cytokine, lymphocytes, proliferation
Interleukin-7 (IL-7) is an essential lymphocyte growth factor required for the survival and proliferation of mature T-cells. As a therapeutic agent, IL-7 has the potential to restore T-cell numbers following immune depletion and to promote immunity against cancers. While the survival function of IL-7 is well established, less is known about how it supports T-cell expansion, a critical feature of the immune response. To study the biological effects of IL-7 on T-cell growth, we developed an in vitro culture technique to expand T-cells ex vivo. A significant finding from our studies is that IL-7 did not induce the expansion of all T-cells, indicating that there are inherent differences in the response of individual T-cell subsets to IL-7. Culture with high doses of IL-7 (>150 ng/ml) preferentially expanded CD8 T-cells, but lead to the dramatic loss of CD4 T-cells which favored growth in lower dosages of IL-7 (>10 ng/ml). This effect was due to the regulation of LCK, a kinase predominantly associated with the CD4 co-receptor. We found that transgenic expression of the CD4 co-receptor onto CD8 T-cells promoted their growth in lower concentrations of IL-7. Conversely, inhibition of LCK activity in CD4 T-cells restored their responsiveness to high doses of IL-7 as indicated by the activation of the transcription factor STAT5, in a manner similar to CD8 T-cells. Interestingly, not all CD8 T-cells expanded in high doses of IL-7 and this effect was specific to CD8 T-cells that expressed an activated memory phenotype. We found that IL-7 promoted the proliferation of CD8 T-cells through Cdc25A, a phosphatase required for cell cycle progression. Expression of a constitutively active Cdc25A could maintain T-cell survival and proliferation in the absence of IL-7, demonstrating that Cdc25A is a crucial transducer of IL-7 growth signals. Inhibition of Cdc25A was sufficient to decrease proliferation and down-regulate the expression of activation/ memory markers on CD8 T-cells in the presence of IL-7. Upon further study, we identified a novel role for IL-7 through Cdc25A in the regulation of CD62L, an adhesion molecule required for lymph node entry. Culture with high doses of IL-7 down-regulated the expression of CD62L, suggesting that high doses of IL-7 could affect the ability of T-cells to enter or re-enter the lymph nodes. Collectively, our findings demonstrate that IL-7 administration at the supraphysiological doses currently used in the clinical trials could have a negative impact on the growth of CD4 T-cells and the homing of CD8 T-cells to the lymph nodes, effects which can impede the generation of an effective immune response.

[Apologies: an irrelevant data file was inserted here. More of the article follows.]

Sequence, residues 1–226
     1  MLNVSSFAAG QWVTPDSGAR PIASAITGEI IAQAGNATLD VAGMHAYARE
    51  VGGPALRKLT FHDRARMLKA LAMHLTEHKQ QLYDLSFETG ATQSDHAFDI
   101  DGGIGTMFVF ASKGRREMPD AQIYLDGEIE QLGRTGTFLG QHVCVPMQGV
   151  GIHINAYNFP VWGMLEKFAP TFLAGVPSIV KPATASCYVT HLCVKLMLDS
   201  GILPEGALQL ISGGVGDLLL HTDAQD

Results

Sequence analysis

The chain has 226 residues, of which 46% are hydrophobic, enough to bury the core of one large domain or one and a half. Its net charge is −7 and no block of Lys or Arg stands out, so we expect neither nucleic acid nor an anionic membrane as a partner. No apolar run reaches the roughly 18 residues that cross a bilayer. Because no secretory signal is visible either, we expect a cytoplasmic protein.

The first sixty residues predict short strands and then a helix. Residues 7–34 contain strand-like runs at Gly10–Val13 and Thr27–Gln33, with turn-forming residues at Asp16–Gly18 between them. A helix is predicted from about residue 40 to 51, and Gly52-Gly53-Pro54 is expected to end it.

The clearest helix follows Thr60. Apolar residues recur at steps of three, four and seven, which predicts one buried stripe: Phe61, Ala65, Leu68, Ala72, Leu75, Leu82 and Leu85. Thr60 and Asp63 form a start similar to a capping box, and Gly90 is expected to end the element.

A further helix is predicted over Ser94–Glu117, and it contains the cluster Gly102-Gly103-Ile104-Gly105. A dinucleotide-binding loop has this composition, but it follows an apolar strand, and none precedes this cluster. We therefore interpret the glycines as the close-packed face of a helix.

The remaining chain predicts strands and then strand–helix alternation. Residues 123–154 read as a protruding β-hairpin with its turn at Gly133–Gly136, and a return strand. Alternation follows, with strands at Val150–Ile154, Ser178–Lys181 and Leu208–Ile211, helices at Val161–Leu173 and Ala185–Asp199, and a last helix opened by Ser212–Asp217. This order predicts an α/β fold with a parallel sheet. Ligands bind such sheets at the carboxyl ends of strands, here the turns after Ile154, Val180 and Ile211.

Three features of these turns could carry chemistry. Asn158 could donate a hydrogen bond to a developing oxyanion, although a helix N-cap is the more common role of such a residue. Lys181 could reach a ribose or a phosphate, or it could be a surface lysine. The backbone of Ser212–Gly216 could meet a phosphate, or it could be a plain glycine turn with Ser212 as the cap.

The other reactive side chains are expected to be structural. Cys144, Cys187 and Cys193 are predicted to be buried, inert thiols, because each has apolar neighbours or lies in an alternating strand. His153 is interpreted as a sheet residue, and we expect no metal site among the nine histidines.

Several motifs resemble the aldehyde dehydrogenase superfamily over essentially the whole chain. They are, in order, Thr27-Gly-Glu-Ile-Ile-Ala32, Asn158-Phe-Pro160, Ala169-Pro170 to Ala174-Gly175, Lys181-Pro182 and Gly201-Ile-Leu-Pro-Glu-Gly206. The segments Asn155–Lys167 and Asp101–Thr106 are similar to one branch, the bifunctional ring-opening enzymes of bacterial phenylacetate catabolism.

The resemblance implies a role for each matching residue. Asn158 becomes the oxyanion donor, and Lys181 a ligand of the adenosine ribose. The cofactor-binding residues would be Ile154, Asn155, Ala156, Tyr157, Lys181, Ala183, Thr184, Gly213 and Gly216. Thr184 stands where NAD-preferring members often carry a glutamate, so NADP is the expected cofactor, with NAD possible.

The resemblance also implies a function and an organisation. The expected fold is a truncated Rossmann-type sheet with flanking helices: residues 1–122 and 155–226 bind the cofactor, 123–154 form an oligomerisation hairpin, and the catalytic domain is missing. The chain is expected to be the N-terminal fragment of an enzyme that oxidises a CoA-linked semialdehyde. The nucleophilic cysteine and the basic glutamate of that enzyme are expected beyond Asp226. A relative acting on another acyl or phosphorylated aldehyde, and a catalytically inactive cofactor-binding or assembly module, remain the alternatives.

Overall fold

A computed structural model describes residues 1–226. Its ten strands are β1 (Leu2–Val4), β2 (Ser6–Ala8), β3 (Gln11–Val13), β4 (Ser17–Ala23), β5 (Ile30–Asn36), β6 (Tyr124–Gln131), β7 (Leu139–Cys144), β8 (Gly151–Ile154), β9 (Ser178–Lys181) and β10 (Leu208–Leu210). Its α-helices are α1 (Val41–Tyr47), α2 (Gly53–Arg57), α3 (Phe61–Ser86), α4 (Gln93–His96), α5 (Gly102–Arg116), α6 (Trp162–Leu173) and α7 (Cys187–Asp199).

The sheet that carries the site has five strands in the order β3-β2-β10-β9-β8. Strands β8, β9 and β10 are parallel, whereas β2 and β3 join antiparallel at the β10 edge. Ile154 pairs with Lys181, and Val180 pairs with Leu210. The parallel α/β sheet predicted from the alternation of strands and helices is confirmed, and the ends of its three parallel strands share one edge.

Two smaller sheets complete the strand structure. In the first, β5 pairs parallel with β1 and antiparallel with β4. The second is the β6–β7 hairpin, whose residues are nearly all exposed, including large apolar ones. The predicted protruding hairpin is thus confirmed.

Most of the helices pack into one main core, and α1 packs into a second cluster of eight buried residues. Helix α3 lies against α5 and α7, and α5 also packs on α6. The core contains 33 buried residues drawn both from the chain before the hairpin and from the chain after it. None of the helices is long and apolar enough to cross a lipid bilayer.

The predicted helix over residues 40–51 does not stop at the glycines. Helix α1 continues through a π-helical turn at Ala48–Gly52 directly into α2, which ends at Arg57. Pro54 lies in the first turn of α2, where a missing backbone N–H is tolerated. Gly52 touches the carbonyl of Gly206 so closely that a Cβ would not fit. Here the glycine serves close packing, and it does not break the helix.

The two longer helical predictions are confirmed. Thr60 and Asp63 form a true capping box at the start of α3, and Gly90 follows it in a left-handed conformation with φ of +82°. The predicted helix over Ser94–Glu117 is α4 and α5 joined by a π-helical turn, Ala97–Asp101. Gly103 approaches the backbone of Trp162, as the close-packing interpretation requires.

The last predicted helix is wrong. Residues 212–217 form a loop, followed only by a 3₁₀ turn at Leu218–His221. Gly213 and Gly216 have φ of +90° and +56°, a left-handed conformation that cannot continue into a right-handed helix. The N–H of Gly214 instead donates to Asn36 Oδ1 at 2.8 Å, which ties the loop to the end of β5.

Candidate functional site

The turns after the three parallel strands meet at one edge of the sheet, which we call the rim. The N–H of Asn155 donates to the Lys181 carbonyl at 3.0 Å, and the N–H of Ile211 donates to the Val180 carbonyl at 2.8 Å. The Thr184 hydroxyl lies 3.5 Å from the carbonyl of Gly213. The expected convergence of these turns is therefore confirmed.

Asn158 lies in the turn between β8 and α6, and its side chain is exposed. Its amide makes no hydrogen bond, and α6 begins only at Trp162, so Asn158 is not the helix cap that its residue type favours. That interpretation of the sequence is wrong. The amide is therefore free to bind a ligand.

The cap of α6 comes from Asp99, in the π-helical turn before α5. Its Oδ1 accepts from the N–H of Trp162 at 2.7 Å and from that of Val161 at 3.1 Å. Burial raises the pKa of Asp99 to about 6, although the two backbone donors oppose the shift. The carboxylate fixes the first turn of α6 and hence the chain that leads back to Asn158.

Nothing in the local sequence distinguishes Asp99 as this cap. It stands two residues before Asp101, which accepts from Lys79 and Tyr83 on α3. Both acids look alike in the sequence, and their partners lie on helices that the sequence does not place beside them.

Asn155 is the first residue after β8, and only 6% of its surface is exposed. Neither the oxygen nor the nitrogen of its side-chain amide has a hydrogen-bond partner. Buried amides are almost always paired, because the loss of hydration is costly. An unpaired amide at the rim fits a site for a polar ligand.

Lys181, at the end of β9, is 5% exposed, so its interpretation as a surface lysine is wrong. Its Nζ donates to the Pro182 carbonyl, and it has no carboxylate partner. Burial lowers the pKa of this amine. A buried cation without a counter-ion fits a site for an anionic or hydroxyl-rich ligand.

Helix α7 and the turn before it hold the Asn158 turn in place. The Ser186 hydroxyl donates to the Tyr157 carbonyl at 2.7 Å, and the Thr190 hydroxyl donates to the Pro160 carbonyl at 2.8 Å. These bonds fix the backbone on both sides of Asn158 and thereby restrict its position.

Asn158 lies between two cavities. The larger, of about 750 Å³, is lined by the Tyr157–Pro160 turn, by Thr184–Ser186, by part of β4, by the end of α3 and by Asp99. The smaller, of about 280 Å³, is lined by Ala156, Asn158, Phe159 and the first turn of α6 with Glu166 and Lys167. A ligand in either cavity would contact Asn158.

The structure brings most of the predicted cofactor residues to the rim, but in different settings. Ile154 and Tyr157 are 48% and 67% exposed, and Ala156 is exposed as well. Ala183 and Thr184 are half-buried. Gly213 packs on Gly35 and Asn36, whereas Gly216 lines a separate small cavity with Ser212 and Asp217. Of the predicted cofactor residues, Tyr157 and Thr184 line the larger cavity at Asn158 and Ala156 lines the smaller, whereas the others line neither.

If this is your thesis or dissertation, and want to learn how to access it or for more information about readership statistics, contact us at STARS@ucf.edu
Doctor of Philosophy (Ph.D.)
College of Medicine
Length of Campus-only Access
Doctoral Dissertation (Open Access)
Kittipatarin, Christina, "Interleukin-7 Differentially Regulates The Activation, Proliferation, And Homing Of T-cells: Implications For Immunotherapy" (2010). Electronic Theses and Dissertations. 4330.